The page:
Thousands of college students from across California converged on the state Capitol Monday for the latest protest against slashed budgets and rising fees at public universities and community colleges.
Chanting, waving signs and beating drums, protesters marched about a mile from a baseball field to the north steps of the Capitol building, where students, faculty, college administrators and state lawmakers called for more funding for public education.
The peaceful demonstration, called the "March on March," lasted several hours and was the third major protest this month demanding more money for K-12 schools and colleges. Unlike previous protests that blamed college leaders, Monday's rally brought together students and administrators.
Amoriah Hartley, 31, a sociology student at Foothill College in Los Altos Hills, said she was worried her campus would stop providing free tutoring and writing assistance to students because of budget cuts.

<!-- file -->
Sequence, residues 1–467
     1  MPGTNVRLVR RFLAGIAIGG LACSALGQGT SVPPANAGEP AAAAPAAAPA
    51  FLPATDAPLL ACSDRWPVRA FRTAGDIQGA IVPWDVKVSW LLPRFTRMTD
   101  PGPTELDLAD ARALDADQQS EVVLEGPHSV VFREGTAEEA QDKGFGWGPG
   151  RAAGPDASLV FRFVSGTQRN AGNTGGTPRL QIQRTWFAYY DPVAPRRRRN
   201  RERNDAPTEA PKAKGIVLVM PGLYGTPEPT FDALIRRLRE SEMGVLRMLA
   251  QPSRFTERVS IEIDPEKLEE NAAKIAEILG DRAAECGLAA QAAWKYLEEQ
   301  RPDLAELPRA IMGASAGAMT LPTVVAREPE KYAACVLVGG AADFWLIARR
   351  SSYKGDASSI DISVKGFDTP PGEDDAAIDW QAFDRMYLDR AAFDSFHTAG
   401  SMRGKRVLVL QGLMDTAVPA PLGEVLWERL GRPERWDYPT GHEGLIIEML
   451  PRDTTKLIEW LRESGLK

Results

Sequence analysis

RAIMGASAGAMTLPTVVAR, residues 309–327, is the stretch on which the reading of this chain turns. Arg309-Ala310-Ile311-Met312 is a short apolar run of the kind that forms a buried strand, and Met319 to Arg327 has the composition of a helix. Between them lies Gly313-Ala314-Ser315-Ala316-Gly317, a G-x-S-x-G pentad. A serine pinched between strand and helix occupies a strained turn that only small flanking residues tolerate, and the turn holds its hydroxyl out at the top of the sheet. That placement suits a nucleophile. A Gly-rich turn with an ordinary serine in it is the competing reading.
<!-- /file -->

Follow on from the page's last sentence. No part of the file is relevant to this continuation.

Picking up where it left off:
Hartley, who hopes to transfer to a four-year university and become a social worker, urged Gov. Arnold Schwarzenegger and the Legislature to consider raising taxes to protect education funding.
"If we are all a bunch of tightwads, we're not going to get anywhere as a country," she said.
Deep cuts in state funding have led to class cutbacks, staff layoffs and sharp fee hikes at the 10-campus University of California, the 23-campus California State University system and 110 community colleges.
The rallies have been mostly peaceful, but some protesters recently shut down a freeway in Oakland during rush hour and refused to leave a lawmaker's Sacramento office.
California Community Colleges Chancellor Jack Scott, who spoke at Monday's Capitol rally, said he hoped the strong showing would persuade state lawmakers to protect funding for two-year colleges that have seen funding cut by 8 percent this academic year despite record demand for classes.
"I hope legislators will understand how deep students care about their education," Scott told The Associated Press. "By denying students their education, we're going to hurt our state economically."
Scott estimated there were at least 5,000 people at the rally.